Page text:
Monday, September 22, 2014

Precious moments

I've been kind of nervous about today.

Last week, I had a couple of tests run to see what kind of condition I was in.  In addition, I had to make copies of the paperwork my oncologist had completed and provided to support my disability retirement application, so I planned to read through that as well.  Today was the day I expected to have to face some hard truths - and I assure you, I was scared.  I spent all weekend planning for the worst so that when I read it I wouldn't be devastated and would be able to handle it.

Because expecting the worst is just how I roll, y'all.  If you expect the worst, then either you're all prepared when your expectation is met, or your happily surprised when it's not as bad.

I'm happy to say, I was happily surprised for the most part.

Not that there aren't a couple of things that weren't happy news.  There appears to be something on my liver that they aren't sure what it is - and I'm pretty sure while I had a teeny spot there previously, this is new.  And my lungs are working at 50% capacity, which isn't good.  But other than that - no masses, nothing else showing up other some slight thickening and a small amount of abdominal ascites.  To top it all off, after 5 days, when we went to drain my pleural effusion, we hardly were able to drain anything.

All in all, it's good news.  Not great, but good.  I'm bummed my lungs are working so poorly, but my PCP wants me to see a pulmonary doctor to see if we can get them working a bit better.  I'm not sure about the "thickening" but I haven't seen a copy of the report  yet, and it's likely that maybe they are referring to something that has been seen before.

Advanced stage cancer patients like myself are always looking for the silver lining.  To focus on the good news, and find a way to accept the not so good news.  When you are constantly facing down the big C, you can either let all the doom and gloom take you under, or you find a way to make the news work for you.  As a glass half full kind of gal, I try to stay realistic but still positive.

I was having a ton of trouble doing that on the Gemzar. I felt so horrible after a dose, and after the shots to boost my white blood cell counts I just wanted to give up.  I was constantly battling the feeling that there was just no point to all this, and that I just couldn't keep fighting.  I spent a huge amount of time near tears, and it took nothing to tip me over the edge.  Pair that with the fact that crying tends to make breathing oxygen through a nose tube difficult, and you have a recipe for "Mysti don't play that."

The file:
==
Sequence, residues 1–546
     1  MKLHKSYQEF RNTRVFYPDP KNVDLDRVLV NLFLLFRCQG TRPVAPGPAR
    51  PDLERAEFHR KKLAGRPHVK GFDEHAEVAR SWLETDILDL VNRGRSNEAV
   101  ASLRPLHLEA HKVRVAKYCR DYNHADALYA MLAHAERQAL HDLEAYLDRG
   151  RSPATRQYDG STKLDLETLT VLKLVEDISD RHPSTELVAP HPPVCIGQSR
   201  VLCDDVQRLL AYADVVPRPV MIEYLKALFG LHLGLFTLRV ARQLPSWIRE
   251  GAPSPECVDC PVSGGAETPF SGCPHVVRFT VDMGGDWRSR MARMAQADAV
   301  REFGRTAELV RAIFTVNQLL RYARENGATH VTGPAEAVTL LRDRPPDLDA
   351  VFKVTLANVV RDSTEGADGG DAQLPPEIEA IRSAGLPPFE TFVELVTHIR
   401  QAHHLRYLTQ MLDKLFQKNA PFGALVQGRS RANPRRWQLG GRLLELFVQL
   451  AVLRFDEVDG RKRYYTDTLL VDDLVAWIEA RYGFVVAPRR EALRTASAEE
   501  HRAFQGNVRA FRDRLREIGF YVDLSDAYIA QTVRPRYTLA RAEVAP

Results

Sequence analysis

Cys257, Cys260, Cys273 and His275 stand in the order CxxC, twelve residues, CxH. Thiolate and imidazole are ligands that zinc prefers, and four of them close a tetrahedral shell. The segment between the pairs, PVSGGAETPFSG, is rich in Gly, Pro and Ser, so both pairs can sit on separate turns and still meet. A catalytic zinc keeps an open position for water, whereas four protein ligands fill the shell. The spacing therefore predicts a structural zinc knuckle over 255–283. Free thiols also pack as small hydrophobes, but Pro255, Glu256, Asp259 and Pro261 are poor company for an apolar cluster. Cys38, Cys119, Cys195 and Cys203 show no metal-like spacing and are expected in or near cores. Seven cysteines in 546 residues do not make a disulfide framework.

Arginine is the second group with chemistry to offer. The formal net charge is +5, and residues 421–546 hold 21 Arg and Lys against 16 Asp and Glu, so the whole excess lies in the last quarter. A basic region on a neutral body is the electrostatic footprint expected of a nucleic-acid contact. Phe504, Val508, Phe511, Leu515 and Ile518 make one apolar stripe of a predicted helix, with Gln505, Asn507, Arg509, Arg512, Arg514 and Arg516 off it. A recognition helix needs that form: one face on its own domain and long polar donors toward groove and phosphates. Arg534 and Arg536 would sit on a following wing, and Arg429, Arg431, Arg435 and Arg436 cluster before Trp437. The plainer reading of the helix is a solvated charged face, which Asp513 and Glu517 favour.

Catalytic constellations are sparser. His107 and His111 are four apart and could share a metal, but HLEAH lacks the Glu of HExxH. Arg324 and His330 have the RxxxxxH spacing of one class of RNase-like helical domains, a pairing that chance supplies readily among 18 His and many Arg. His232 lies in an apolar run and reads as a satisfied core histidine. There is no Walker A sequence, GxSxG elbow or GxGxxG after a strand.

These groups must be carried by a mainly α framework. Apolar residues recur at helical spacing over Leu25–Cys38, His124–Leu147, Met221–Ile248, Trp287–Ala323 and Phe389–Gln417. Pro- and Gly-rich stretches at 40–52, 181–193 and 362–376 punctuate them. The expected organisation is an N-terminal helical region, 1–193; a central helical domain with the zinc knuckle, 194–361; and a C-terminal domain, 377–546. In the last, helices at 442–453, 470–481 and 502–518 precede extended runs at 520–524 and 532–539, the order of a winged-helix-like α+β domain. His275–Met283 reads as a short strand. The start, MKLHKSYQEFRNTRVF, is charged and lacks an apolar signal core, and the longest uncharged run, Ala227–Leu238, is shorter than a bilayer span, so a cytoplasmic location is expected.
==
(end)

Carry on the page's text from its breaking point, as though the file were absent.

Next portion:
The hubs and I spent some time in discussion, and after realizing just how much worse my breathing was after the last two doses of Gemzar, we made the tough decision to discontinue that particular drug.  My CA-125 has continued to rise while on it, and although it appears to have finally put a end to the pleural effusions at last, it just isn't worth it.  I'm already afraid that my poor lung function will prevent me from getting on a clinical trial, and I just can't risk it getting any worse.  So that's that.

I haven't had a chance to talk to my doc about going down to MDA for a consultation/see about a trial yet.  I don't see her again until the first week of October.  Her nurse has already told me that they plan on switching me to Doxil since I won't do Gemzar any more, and that terrifies me as well.  Doxil has some wicked side effects.  But I'm thinking that maybe we will hold off on that until after we see the doctors at MDA and see what they might have for me before a decision is made on that.

So that's where we are health wise.  On the homefront, we have had a crazy amount of rain over the last couple of weeks, and my cantaloupe vines have bit the dust due to whiteflies and fungus, and some of the watermelon vines and the cucumber vines are thinking of following suit.  I'm glad I made the pickles I did when I was feeling better because I don't know if I'll make any more.  I'm enjoying the seriously tasty watermelons we've picked from one of our volunteer "I sure don't have any clue what kind it is, but it sure is healthy!" vines, and what few cantaloupe we have been able to save.  We're also sharing with everyone we can because these are big watermelon, and that volunteer vine has a whole lot of melons on it, not to mention the couple we planted have a fair amount on them, as well as the other type of volunteer vine on the far end of the field.

My tomato plants finally put on fruit, and I'm hoping I get enough to make a batch or two of hot sauce.  It would help if it would warm back up around here for a couple of weeks, but we'll just have to wait and see on that.

I totally downloaded an app to create To Do lists on my Kindle in hopes that having a list to work from each morning with get me to do more than see how many episodes of L&O:SVU I can watch each day.  I just feel better if I move around more, so that seemed to help today and I'll just keep that going.

It's just taking things day by day.  Finding ways to make each day have purpose, and to spend time with my boys or my husband when I can.  These days are precious - whether you know how many you have left, or if you are guessing, or even if you just assume you have a plethora of them in your future.  They are still precious - and I'm trying to make the most of them.